During the months of the confinement due to the COVID-19 my colleagues from Transmitting Science asked me to record a short video to upload in the social networks. I decided to talk about the possibilities of Finite Element Analysis (FEA) in the field of vertebrates and when I mean possibilities, I mean different kind of elements, I mean different kind of geometries and, at the end of the street, different ways to create your FEA model. Because, of course, it is possible to use a tool from mechanical engineering to study the biomechanics of living and fossil vertebrates. It allows you for example to study locomotion or chewing and understand the evolution within their families.
But, what is Finite Element Analsys or FEA, which are the acronym of Finite Element Analysis? It is the matemathical way to solve problems of elasticity in complex geometries, so you can divide the geometry in tiny elements -but in a finite number- where the equations are easy to solve. Then, you can apply external forces in your model and understand how it deforms or how the inner forces are distributed inside the model. This method has been widely used in paleontology, antropology and functional morphology in general because now we can easily digitize the bony structures, so we can apply FEA in real geometries. But, we cannot omit that we are creating models. So, Anderson et al. wrote in 2012 this sentence that today is still true:
"By definition, and in practice, models are not literal representations of reality but provide simplifications or substitutes of the events, scenarios or behaviours that are being studied or predicted. All models make assumptions. Therefore, we are creating models that maybe are not enough close to the reality but they can be very useful for our purpose."
Following the idea of simplification that Anderson was underlying, there are different kind of elements that we can use when we are creating a FEA model. The use of some of this elements imply -of course- a simplification of the reality to a simple model. So, let me introduce you this different kind of elements and their features.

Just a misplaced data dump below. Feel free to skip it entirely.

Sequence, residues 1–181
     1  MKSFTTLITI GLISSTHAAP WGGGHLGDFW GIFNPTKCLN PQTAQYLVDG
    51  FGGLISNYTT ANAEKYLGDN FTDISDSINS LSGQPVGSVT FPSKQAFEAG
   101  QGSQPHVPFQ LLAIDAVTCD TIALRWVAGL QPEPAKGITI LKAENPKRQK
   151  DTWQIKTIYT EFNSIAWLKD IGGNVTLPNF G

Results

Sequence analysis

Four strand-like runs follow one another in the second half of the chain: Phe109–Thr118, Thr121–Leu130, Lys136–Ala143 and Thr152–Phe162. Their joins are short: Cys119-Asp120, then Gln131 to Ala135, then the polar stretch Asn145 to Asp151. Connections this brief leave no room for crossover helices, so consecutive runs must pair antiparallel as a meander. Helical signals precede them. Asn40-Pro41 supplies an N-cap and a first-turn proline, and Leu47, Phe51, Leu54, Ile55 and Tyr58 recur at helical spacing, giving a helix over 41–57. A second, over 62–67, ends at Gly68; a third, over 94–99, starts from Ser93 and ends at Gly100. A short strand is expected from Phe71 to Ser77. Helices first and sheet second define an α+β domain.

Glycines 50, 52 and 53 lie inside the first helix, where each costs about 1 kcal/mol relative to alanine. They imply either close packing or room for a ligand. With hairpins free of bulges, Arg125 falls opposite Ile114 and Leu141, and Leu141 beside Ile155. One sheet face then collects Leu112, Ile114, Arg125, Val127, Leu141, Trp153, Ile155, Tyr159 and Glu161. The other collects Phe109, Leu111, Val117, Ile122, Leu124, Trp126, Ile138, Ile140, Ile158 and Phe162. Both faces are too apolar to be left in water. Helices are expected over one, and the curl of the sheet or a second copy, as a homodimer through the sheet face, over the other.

These are the options you have for adapting your geometries to your FEA model. But probably you are asking yourself two questions. The first one is: Which are the differences between shell elements and plane elements? Shell elements are not lying in a plane or, if yes, they allow forces that are not in the plane, like perpendicular forces. You can see this difference in the FEA models of the skull of several Temnospondyls (Fortuny et al. 2011) where the forces I applied are perpendicular to the flat surface of the skull.
And the second one: Probably you think that if you have a ct-scan and you create a FEA model with solid elements then you have a realistic model. I regret to inform you that this is the first step when creating FEA models and there is still a lot of decisions to make. And proabably, in most of them you will need to simplify your model because always remember that models are not literal representations of reality. References
Anderson, P.S.L.L., Westneat, M.W., 2007. Feeding mechanics and bite force modelling of the skull of Dunkleosteus terrelli, an ancient apex predator. Biol. Lett. 3, 77–80. https://doi.org/10.1098/rsbl.2006.0569
Fortuny, J., Marcé-Nogué, J., DE Esteban-Trivigno, S., Gil, L., Galobart, Á., 2011. Temnospondyli bite club: ecomorphological patterns of the most diverse group of early tetrapods. J. Evol. Biol. 24, 2040–54. https://doi.org/10.1111/j.1420-9101.2011.02338.x Marcé-Nogué, J., Püschel, T.A., Kaiser, T.M., 2017. A biomechanical approach to understand the ecomorphological relationship between primate mandibles and diet. Sci. Rep. 7, 8364. https://doi.org/10.1038/s41598-017-08161-0 Püschel, T.A., Marcé-Nogué, J., Chamberlain, A.T., Yoxall, A., Sellers, W.I., 2020. The biomechanical importance of the scaphoid-centrale fusion during simulated knuckle-walking and its implications for human locomotor evolution. Sci. Rep. 10, 3526. https://doi.org/10.1038/s41598-020-60590-6 Tseng, Z.J., Grohé, C., Flynn, J.J., 2016. A unique feeding strategy of the extinct marine mammal Kolponomos : convergence on sabretooths and sea otters. Proc. R. Soc. B Biol. Sci. 283, 20160044. https://doi.org/10.1098/rspb.2016.0044
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Thanks for helping me understand that finite element analysis consulting will be able to solve problems regarding elasticity in complex geometries which can make it easier to solve. It must be helpful to work with experts in this field to understand this more when you need these procedures for your business. The technology industry is really fascinating to me because of the many improvements, advancements, and benefits they can provide for people and their daily lives as well.
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